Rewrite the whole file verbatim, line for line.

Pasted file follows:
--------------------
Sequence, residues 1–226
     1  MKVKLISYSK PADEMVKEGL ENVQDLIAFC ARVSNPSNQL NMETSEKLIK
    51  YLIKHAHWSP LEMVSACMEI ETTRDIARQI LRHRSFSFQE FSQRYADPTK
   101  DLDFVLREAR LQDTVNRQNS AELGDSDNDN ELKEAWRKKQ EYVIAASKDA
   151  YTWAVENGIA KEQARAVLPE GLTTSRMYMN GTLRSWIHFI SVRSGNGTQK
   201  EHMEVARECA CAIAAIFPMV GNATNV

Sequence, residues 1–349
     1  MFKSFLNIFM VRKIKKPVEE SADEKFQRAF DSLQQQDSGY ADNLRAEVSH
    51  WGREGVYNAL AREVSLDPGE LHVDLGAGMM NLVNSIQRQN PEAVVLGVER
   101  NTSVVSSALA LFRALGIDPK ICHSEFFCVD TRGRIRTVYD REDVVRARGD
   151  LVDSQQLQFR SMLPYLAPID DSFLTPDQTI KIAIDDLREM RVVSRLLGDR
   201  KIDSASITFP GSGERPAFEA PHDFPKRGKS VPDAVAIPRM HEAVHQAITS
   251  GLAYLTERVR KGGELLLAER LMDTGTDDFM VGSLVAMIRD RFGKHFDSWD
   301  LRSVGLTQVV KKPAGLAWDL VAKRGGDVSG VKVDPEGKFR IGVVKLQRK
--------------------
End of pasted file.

Sequence, residues 1–226
     1  MKVKLISYSK PADEMVKEGL ENVQDLIAFC ARVSNPSNQL NMETSEKLIK
    51  YLIKHAHWSP LEMVSACMEI ETTRDIARQI LRHRSFSFQE FSQRYADPTK
   101  DLDFVLREAR LQDTVNRQNS AELGDSDNDN ELKEAWRKKQ EYVIAASKDA
   151  YTWAVENGIA KEQARAVLPE GLTTSRMYMN GTLRSWIHFI SVRSGNGTQK
   201  EHMEVARECA CAIAAIFPMV GNATNV

Sequence, residues 1–349
     1  MFKSFLNIFM VRKIKKPVEE SADEKFQRAF DSLQQQDSGY ADNLRAEVSH
    51  WGREGVYNAL AREVSLDPGE LHVDLGAGMM NLVNSIQRQN PEAVVLGVER
   101  NTSVVSSALA LFRALGIDPK ICHSEFFCVD TRGRIRTVYD REDVVRARGD
   151  LVDSQQLQFR SMLPYLAPID DSFLTPDQTI KIAIDDLREM RVVSRLLGDR
   201  KIDSASITFP GSGERPAFEA PHDFPKRGKS VPDAVAIPRM HEAVHQAITS
   251  GLAYLTERVR KGGELLLAER LMDTGTDDFM VGSLVAMIRD RFGKHFDSWD
   301  LRSVGLTQVV KKPAGLAWDL VAKRGGDVSG VKVDPEGKFR IGVVKLQRK